For as long as he has philosophised, man has wondered at the nature of the soul: what is it? what does it do? does it even exist? According to writer-director Sophie Bathes, the soul does indeed exist and what’s more you can have yours extracted, stored or even swapped. At least, that is the jumping off point of Barthes’ Cold Souls, a wry take on the nature of one’s soul specifically as it relates to an artist.
The artist in question is actor Paul Giamatti, who is played by the actor Paul Giamatti, one of the film’s many Kaufman-esque elements. That’s Charlie Kaufman, writer of being John Malkovich and Eternal Sunshine of the Spotless Mind, two films which Cold Souls may draw easy comparison with. Giamatti is in rehearsals for a theatre production of Uncle Vanya and is finding his character elusive. His agent suggests he read an article in The New Yorker which leads Paul to a medical facility where they have developed the technology to extract souls, keeping them in storage until the owners wish to have them returned.
One of the comic highlights of the film is Giamatti’s incredulity on finding that his soul is only the size of a chickpea. Apparently they can come in all sizes and colours though most, reveals soul extractor Dr Flintstein (a droll David Strathairn), are grey. Free of his soul, Paul is unburdened for a few days before he starts to suffer separation anxiety. But upon his return to the clinic, he finds that his soul has been stolen.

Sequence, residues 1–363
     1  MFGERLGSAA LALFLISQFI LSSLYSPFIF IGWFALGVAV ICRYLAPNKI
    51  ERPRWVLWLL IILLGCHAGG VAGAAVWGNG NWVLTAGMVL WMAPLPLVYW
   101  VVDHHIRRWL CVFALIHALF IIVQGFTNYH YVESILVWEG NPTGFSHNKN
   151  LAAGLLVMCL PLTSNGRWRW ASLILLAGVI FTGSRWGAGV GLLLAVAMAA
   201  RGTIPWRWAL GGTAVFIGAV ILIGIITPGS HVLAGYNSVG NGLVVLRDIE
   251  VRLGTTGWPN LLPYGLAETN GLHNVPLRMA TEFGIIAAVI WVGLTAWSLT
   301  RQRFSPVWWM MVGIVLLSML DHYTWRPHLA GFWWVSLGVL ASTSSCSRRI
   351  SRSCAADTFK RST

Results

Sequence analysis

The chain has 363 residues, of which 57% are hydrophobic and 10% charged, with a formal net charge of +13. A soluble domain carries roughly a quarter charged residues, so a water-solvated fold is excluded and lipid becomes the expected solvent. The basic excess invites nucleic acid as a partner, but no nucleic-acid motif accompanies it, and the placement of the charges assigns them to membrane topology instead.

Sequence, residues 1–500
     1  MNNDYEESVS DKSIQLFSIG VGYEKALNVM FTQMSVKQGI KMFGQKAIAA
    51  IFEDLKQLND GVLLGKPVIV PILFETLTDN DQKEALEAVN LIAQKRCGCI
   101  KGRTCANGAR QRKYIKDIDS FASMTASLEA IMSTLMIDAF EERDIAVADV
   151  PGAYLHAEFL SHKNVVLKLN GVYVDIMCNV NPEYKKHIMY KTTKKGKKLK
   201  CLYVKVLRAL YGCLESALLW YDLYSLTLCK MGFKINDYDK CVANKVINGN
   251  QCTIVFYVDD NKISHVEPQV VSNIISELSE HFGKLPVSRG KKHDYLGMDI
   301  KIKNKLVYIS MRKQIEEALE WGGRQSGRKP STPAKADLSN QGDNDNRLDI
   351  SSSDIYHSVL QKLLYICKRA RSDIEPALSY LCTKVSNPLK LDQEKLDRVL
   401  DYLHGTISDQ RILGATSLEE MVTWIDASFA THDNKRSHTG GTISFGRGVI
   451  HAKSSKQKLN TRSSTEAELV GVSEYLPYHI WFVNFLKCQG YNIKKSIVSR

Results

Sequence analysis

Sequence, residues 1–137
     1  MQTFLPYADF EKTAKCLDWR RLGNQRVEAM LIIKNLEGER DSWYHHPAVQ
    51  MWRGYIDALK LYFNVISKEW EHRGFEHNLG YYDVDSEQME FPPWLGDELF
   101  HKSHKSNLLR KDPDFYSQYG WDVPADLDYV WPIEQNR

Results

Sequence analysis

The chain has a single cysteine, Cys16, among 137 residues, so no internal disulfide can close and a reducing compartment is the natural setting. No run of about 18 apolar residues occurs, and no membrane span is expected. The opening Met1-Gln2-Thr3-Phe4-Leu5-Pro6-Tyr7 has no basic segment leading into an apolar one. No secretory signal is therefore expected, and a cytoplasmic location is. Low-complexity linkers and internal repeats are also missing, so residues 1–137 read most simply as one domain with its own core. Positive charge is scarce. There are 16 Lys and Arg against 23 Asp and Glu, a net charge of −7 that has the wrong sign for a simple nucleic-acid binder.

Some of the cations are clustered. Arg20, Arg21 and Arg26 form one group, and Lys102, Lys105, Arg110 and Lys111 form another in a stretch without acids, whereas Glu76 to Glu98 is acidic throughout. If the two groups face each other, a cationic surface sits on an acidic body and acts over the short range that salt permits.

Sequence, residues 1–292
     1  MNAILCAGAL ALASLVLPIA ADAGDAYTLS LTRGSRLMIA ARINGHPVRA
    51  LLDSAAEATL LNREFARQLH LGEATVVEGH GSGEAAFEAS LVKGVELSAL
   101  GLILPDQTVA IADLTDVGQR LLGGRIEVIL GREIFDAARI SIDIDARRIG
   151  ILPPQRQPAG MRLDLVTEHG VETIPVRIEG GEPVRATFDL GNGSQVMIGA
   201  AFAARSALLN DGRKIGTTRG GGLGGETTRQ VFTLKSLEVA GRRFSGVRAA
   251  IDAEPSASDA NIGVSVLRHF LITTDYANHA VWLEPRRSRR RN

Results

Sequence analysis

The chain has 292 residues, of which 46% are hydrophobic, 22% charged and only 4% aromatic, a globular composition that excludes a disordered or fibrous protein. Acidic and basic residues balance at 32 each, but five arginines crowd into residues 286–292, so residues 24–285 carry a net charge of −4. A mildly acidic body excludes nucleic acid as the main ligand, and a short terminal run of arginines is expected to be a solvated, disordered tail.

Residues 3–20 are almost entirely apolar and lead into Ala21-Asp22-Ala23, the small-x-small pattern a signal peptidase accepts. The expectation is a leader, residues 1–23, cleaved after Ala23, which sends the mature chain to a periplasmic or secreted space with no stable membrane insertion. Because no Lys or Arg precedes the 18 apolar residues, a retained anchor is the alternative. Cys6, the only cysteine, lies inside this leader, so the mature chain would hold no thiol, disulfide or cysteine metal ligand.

This links to another plotline involving “mules”, people, mostly women, who courier souls between Russia and the US. Giamatti’s soul has been taken by mule Nina (Dina Korzun) whose Russian employer’s girlfriend, a struggling soapie actress, wants the soul of an American actor – Pacino or Depp will do. That she gets Giamatti’s is one joke; that she doesn’t know he is is another.
Of course, audiences will know Paul Giamatti as a fine character actor who has built up a strong body of work playing mostly twitchy, sometimes disagreeable but never dull misanthropes. He scored an Oscar nomination in 2005 for perhaps his straightest role, in Ron Howard’s Cinderella Man, but was criminally ignored the previous year for his performance in Sideways which I’d say was better than any of that year’s other nominees, including Jamie Foxx’s winning portrayal of Ray Charles.
No matter. Giamatti is a good sport here, mocking his own screen persona and the temperamental nature of actors, generally. Emily Watson as his wife, Claire, is sadly underused although her bemused expression, when her husband reveals exactly what it is that has been troubling him, is priceless.
Sophie Barthes may not have the confidence to cut loose with the crazy like Charlie Kaufman, with the film’s second half less amusing and more sombre (as one might expect when contemplating the loss of one's soul) as the action moves from New York to Russia. But as with Kaufman, Cold Souls is comedy with smarts, not afraid to massage the audience’s mind whist tickling its funny bone. Besides, laughter is good for the soul.